Networking is still known as a great job-search strategy, yet it eludes some individuals simply because they don’t know how to go about it. Individuals also tend to shy away from networking because it’s time consuming. Unlike online résumé submission or folding a résumé, stuffing it in an envelope, and adhering a stamp, networking requires far more time and dedication. The results, however, can be quite different than those experienced from traditional résumé submission.
Your network incorporates everyone around you, such as your preacher, doctor, neighbors, friends, colleagues, and/or fellow committee members. The object is to talk, ask, brainstorm, and seek the assistance of others that know of an opportunity or contact that you do not. Have you heard of Stanley Milgrim’s theory of “Six Degrees of Separation” (more popularly known by the movie, starring Kevin Bacon)? His theory states that there are only 6 people separating you and someone you’d like to meet or get in touch with, such as a hiring or human resources manager.
Like anything critical in your life, you must be prepared to network. Hold a small portfolio to house several prints of your résumé along with other pertinent material. Collect business cards from everyone you meet and make notation of the place and date on the card. This information is needed should you speak with this person again. You’ll make an impression by referencing your previous conversation, along with the date and occasion (e.g. name of seminar or conference).
The card will also be handy when you’re given a job lead. Generally the intro paragraph of a cover letter will reference something like, “When I spoke to Sarah McNeil on August 1, 2002, she mentioned that you are looking for a clerk typist and suggested that I contact you.” Obtaining a person’s card will keep you from misspelling the person’s name and remind you of the person that gave you the lead. Effective networking will cause your card portfolio to fill up quickly and make it difficult for you to keep names and companies straight in your mind. BTW, don’t forget to give your lead a small gift or handwritten thank-you card if you land the job. Small gestures, such as a job lead, can oftentimes be forgotten.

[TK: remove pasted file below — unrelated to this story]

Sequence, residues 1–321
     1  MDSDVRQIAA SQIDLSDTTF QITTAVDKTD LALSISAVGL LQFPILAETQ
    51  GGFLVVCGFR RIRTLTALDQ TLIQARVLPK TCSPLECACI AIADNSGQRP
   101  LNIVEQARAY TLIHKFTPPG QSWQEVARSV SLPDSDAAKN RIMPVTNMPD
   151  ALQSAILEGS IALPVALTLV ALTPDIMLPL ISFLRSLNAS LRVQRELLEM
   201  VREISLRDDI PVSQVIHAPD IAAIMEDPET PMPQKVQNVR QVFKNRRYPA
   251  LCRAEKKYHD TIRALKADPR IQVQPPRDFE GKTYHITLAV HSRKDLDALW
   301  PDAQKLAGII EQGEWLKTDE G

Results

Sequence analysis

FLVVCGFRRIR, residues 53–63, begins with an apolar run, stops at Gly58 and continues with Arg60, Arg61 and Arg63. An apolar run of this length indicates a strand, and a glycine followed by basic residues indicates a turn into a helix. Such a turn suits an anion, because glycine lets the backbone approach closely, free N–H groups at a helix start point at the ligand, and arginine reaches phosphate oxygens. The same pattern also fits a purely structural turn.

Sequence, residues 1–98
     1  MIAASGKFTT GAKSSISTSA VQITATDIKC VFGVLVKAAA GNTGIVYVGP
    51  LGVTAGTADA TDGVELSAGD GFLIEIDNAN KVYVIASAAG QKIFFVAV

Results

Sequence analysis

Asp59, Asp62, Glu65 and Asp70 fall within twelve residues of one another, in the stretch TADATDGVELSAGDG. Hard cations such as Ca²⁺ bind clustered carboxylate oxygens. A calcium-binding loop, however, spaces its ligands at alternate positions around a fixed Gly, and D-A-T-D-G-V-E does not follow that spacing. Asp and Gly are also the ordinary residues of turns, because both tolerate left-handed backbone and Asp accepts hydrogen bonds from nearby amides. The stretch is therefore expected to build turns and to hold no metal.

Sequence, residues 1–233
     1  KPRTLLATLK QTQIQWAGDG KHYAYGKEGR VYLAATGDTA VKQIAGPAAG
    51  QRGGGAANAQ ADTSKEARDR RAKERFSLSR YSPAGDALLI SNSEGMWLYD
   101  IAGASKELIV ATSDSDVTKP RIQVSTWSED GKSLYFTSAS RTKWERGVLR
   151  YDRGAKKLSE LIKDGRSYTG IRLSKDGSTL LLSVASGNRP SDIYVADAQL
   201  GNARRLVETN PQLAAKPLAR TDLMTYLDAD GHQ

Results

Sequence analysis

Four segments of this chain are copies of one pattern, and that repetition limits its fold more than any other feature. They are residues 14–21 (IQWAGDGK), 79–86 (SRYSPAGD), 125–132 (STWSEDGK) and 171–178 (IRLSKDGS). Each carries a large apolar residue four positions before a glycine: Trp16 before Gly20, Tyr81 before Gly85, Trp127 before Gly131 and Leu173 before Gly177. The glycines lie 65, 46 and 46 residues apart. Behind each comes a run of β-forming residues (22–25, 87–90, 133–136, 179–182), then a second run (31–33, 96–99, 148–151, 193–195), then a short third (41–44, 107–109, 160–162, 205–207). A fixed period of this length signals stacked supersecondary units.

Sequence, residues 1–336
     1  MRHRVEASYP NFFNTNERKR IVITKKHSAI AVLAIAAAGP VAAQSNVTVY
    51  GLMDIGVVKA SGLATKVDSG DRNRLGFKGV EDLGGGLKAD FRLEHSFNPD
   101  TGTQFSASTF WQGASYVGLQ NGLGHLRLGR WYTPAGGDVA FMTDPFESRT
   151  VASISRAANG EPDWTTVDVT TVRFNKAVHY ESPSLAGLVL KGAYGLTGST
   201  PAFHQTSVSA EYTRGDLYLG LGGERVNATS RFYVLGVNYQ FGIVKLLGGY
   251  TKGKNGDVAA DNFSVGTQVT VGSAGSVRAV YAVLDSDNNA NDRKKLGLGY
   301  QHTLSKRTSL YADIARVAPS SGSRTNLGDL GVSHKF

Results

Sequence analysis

As I mentioned, networking takes time; but the results can be more rewarding than résumé blasting (sending your résumé to anyone, if not everyone). Steven R. Covey, author of The 7 Habits of Highly Effective People, wrote, “We have the initiative and the responsibility to make things happen.” This statement applies to everything in our lives, especially those affecting our careers. Networking (although time consuming) can change the entire face of our beings and open the door to more opportunities than we ever dreamed possible.
Even when employed, your network should be tended. Keep in touch with select individuals through thank-you cards and e-mails. Offer your services and knowledge to them should the opportunity arise — anything that will make his or her life easier.
I also recommend that you present individuals in your network with key opportunities that may come across your desk in the future. The best way to get is to first give. Give your acquaintances the chance to be quoted in an incoming article or book — or opt to purchase products or services from them. A $15 purchase will show that person that you care about their success.
Another great aspect of networking is to find new friends that will strengthen your network and challenge you to succeed. Within the first three months in business, I met two individuals that I associate with now four years later. One has a degree in journalism and is incredibly smart concerning the English language, and the other is a technical guru that I call immediately if I have trouble with one of my computers. Both are incredibly skilled in their fields, and ultimately make my business stronger because we each look out for the other. We talk, we negotiate, and we bounce ideas off each other. Now that’s a network!